Glaucoma Myths vs Facts Number 3

Myth- No one in my family has glaucoma therefore, I won’t get the disease since glaucoma is inherited. act - It is true that certain forms of glaucoma are inherited and that your family history does play an important role, but this does not mean that you won’t be affected. Many glaucoma patients are the first to be diagnosed in their family. If you are the only person in your family with glaucoma, it is even more important that family members get screened for glaucoma. Other Types of Glaucoma are variations of open-angle or angle- closure types and can occur in one or both of your eyes. Some of these types include secondary glaucoma, pigmentary glaucoma and neovascular glaucoma among others. Traumatic glaucoma is any glaucoma caused by an injury to the eye. This type of glaucoma can occur both immediately after an injury to the eye or years later. It can be caused by injuries that “bruise” the eye (called blunt trauma) and injuries that penetrate the eye. Although it can't be cured, there are treatments to stop it from stealing your sight if it's diagnosed early. Glaucoma is a group of eye diseases that damage the optic nerve.

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Glaucoma Facts vs Myths Number 2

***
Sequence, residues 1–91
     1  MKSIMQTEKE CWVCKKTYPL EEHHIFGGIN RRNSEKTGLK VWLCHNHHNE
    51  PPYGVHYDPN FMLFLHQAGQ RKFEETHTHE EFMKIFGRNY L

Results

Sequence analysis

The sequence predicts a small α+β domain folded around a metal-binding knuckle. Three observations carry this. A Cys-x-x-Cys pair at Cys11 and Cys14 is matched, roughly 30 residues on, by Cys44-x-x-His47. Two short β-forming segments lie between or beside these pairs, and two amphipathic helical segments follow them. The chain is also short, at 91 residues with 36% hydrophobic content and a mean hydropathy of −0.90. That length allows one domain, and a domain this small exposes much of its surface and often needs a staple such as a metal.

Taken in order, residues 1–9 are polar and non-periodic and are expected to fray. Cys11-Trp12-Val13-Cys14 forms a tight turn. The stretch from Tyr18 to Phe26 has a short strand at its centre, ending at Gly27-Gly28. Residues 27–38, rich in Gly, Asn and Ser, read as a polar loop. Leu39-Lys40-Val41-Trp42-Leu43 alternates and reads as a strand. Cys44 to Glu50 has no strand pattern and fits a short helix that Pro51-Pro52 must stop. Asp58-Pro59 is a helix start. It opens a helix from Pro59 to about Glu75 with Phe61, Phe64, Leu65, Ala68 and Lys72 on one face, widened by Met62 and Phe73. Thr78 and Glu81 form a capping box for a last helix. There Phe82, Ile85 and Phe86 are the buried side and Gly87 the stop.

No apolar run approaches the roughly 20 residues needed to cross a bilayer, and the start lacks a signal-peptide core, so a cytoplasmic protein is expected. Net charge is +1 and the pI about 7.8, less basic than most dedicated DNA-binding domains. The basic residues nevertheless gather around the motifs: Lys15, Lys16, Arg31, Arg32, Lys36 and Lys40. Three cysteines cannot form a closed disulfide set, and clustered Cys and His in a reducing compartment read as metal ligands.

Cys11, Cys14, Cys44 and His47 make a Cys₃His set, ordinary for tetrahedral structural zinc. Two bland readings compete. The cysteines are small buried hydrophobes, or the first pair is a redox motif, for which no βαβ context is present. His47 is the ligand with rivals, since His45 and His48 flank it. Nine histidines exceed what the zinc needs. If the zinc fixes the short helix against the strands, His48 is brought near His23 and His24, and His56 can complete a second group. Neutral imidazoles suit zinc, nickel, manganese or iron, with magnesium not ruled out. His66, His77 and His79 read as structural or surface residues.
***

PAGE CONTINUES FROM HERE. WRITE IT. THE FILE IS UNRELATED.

Myth #2 - Vision loss as a result of glaucoma can be recovered. Fact – Vision loss from glaucoma occurs when axons in the optic nerve become damaged and can no longer carry visual information to the brain. Since glaucoma kills nerve cells that are truly part of the brain, it is not surprising that once vision is lost from glaucoma, it cannot be restored. That is why we call glaucoma the “silent thief of sight”.

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Glaucoma Facts vs Myths Number 1

Myth #1 - If your vision is 100% and you have no symptoms of glaucoma, you will not develop glaucoma. Fact - Glaucoma is called the “silent thief of sight” because you will not notice any symptoms until glaucoma is already advanced. The definition of early glaucoma is based on the fact that you do not even need to have problems with your peripheral (side) vision but is rather determined by your eye doctor's observation of the appearance of your optic nerve.

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